Rick Owens: “I want to make a return trip to both Hill Farmstead and Suarez Family Brewing in late July. Two of the best breweries I’ve visited both in terms of quality and environment. I could stay at either crushing Pilsner and Pale Ale all day long. The third would be Brasserie de Blaugies in Belgium. I heard Shaun talk about their beers on the GBH podcast, and then finally got to try their beers at Shelton Fest in 2017.”
Caldwell Bishop: “The top three on my bucket list are currently:
Chicago: mostly for Goose Island, as BCBS remains my family's favorite beer. I have a short trip planned in May, but would like to spend more time there to further explore the plethora of good breweries. Would also like to be there for Thanksgiving and Black Friday.
Colorado: in general, I want to visit the state, as I think I’d love it. And it seems like there are a lot of good breweries there.
Vermont: all the stuff, and the cheddar.
Some specific domestic breweries that I definitely want to visit at some point (and are not in the above locations) are: Tired Hands, Tree House, Trillium, Notch, Allagash, Russian River, Cigar City, Great Raft, and Nepenthe. I’m sure there are others that just aren’t coming to mind immediately.
Internationally, I don’t know that I could justify a trip just for beer with so many places I've yet to visit in the U.S. But I am very curious to get back to China. I was last living there in 2011, and since then one friend has opened up a couple of bars and another has become more involved in homebrewing and the craft beer community. My understanding is that things have progressed quite a bit since I was there, so I would love to go back and see what all has changed.”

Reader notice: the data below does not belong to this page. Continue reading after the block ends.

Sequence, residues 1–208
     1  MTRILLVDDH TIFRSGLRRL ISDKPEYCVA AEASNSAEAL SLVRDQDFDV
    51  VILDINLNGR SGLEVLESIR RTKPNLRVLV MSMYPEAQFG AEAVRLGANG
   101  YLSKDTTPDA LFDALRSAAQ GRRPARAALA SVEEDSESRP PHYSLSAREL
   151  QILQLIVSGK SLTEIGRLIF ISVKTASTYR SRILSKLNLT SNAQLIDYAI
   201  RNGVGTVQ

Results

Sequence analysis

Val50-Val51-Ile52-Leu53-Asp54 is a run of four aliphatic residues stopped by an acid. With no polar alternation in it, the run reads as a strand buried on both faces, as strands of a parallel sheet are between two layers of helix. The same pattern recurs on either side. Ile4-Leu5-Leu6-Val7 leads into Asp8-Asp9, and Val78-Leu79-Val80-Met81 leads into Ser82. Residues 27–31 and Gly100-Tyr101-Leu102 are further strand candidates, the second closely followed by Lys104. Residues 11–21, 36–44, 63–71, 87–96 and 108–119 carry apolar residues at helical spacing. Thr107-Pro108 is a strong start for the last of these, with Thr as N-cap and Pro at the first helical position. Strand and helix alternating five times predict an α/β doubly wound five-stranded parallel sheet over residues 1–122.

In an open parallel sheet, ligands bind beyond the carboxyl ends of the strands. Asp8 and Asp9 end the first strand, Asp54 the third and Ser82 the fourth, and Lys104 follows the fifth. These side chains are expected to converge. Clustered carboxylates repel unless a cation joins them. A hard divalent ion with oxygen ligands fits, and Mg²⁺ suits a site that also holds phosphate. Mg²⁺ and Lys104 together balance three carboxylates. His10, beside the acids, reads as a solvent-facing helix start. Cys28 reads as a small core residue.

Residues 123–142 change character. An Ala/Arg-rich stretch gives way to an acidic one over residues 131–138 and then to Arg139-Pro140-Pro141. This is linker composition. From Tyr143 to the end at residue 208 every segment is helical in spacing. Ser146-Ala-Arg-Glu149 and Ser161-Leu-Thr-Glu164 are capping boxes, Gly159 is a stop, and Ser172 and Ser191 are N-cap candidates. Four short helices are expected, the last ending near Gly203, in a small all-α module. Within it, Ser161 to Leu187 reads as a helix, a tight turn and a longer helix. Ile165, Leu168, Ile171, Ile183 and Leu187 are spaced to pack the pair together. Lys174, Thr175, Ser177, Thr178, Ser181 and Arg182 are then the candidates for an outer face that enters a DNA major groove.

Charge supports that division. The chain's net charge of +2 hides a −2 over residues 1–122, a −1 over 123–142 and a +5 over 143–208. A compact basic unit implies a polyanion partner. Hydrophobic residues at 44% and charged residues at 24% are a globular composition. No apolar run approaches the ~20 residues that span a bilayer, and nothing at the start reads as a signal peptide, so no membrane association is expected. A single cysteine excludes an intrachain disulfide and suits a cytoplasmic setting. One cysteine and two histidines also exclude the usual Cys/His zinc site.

Brandon Morreale: “I have three breweries specifically and I think they all sort of categorize themselves together. Jester King in Austin, TX, Fonta Flora in NC, and Scratch in southern Illinois. All three breweries do something completely unique in the way that they approach their styles using local and foraged ingredients in beautiful locations. As I get older and more removed from the flavor-of-the-month beers, I’m gravitating more to the unique processes of these breweries and the wild flavors they’re developing.”
Lana Svitankova: “Really want to go on a road tour to the UK—the beer scene is flourishing. Do want to go to U.S., can't decide where, though. But it seems I'll land in Chicago for my birthday. And crazy about going to Japan—not for beer only, though.”
Nick Naretto: “Allagash, that’s all.”
Manny Gumina: “Fortunately, I will be crossing off one trip on the bucket list by spending three nights in Cologne/Düsseldorf, Germany for my honeymoon in June. Another four nights will be in Amsterdam. I'm saving a Belgium trip. I want to travel there after accomplishing some specific goal I haven't even thought of yet in my future. In the United States, I've never been west of Colorado in my life, so literally all of the West Coast states are on my bucket list. Looking forward to drinking some West Coast-style IPAs!”